Many men are depressed–most just don’t know it yet.
Because guys tend to call depression by the names anger, irritability, stress, nights alone, promiscuous sex, pornography, masturbation, one-more-drink, most mislabel the deeper issue and, in turn, fashion themselves into ticking timebombs. Words like depression, anxiety, suicide simply aren’t in the vocabulary of a macho-man, and internalization is all we know.
Over decades, we’ve been conditioned to swallow our emotions, hold back tears, and bury our secrets lest anyone call us a wuss, pansy or a human. No wonder 7 out of 10 suicides are male.
By the way, I still can’t let myself cry.
What makes matters worse is the biggest obstacle between men and their mental health is typically their own obstinate pride. We can’t fight past our giant egos and that’s where our better halves can save the day.
That’s right. Wives. While we’ve been hiding scars under frail armor and saving face for dragons, women bear the blatant truth: the damsels aren’t the ones in distress.
“Many men are depressed–
most just don’t know it yet.”
In conjunction with my wonderful, beautiful, patient, loving, caring, no-bull-shit wife, we’ve determined the top signs a spouse can look out for in his/her husband. These signs might help you begin to shed a light on a household darkness, and they are ones that might be most apparent to a spouse.
For a complete list of signs and symptoms, check out Do You Struggle With Depression? 7 Things To Evaluate.
Is your husband impatient, irritable, or just plain angry? Chances are, beneath that bull-dog facade, there is a whimpering puppy. Men, especially, show their depression, anxiety, and mental illness through general irritability.
Henry Wadsworth Longfellow said, “Every man has his secret sorrows which the world knows not, and often times we call a man cold when he is only sad.”
Perhaps you’ve noticed he’s lost his appetite for sex. Though it’s easier said than done, try not to take the perceived rejection personally. He loves you and thinks you’re hot stuff, but he could very well be suffering from an unrecognized bout of depression which pillages the soul of delights.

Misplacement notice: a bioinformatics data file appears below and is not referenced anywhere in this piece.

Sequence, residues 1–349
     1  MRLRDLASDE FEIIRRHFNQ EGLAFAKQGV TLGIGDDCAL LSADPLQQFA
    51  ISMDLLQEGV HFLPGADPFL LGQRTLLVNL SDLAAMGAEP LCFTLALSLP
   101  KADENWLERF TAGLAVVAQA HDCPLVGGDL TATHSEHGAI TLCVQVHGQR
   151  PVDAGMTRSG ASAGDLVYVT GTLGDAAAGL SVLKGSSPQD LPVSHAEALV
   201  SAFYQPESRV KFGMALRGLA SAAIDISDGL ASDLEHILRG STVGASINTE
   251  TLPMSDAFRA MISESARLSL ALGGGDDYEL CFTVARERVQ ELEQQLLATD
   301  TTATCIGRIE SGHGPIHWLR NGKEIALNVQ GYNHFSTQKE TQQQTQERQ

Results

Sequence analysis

Nurture your husband. Despite culture’s claims that we are but sex-crazed brutes, we need emotional care, especially from our wives. After all, is not S-E-X a Spiritual and Emotional eXperience for both individuals? It’s never just physical.
On date night, in the flickering candlelight of your favorite Italian restaurant, across the two-top that is clothed like a wedding cake with cabernet toppers, you look into your husband’s eyes and what do you see?
Been there before?
A dismal outlook on life or a general struggle to engage with others can certainly be signs of a roaring inner darkness. Men who feel numb or who are constantly striving for numbness (through substances, habit or distraction) often are depressed, and in need of professional help to reemerge into the world.
My wife, Lindsey, is to the point that if she sees that “look in my eyes,” she knows I’m struggling.
When Lindsey told me she thought the state of my closet coincided with the state of my mental well-being, it was if she reached into my head and flipped the switch for me. She was right. When my closet is clean and organized so is my head. And when it is teeming with half-dirty pants, wrinkled tees, and crispy socks, well, so is my head.
I don’t know if the disorganization triggers the depression or the other way around (I can hardly make sense of anything in my head), but I do know that in depressive episodes I am more forgetful, more easily overwhelmed, and I have a harder time accurately interrupting reality.
In the end, my wife has a front-row seat to my life, and she is more than willing to jump into the game whenever I need back-up. It’s not just my life anymore. It’s ours.
Many men are depressed–most just don’t know it yet. It comes out in anger, sexual issues, numbness, or mental disorganization among other things. Please don’t take what I say here as ammo for a witch hunt into your husband’s closet. But, patiently evaluate your household, come alongside your husband, seek support, and nudge him toward a more acute self-evaluation and professional help.
Lastly, it, unfortunately, needs to be said that if your husband is in any way an abuser, his mental illness is no reason for you to stay. Seek help and safety first for yourself and your family. Each of us is mentally responsible for ourselves.
This blog post was originally published on daddingdepressed.com and has been republished with the permission of the author, Dwight Doug Mains.
Dwight Doug Mains is a freelance writer, author, editor and blogger, with a passion for helping others communicate in a congested world. Living with depression and anxiety himself, Doug recognised a need for male advocacy in online resources regarding mental health and created Dadding Depressed. As he personally learns how to better function as a new dad and a man dealing with the challenges of mental illness, Doug blogs in the hope to be a voice for other men who are silently hurting.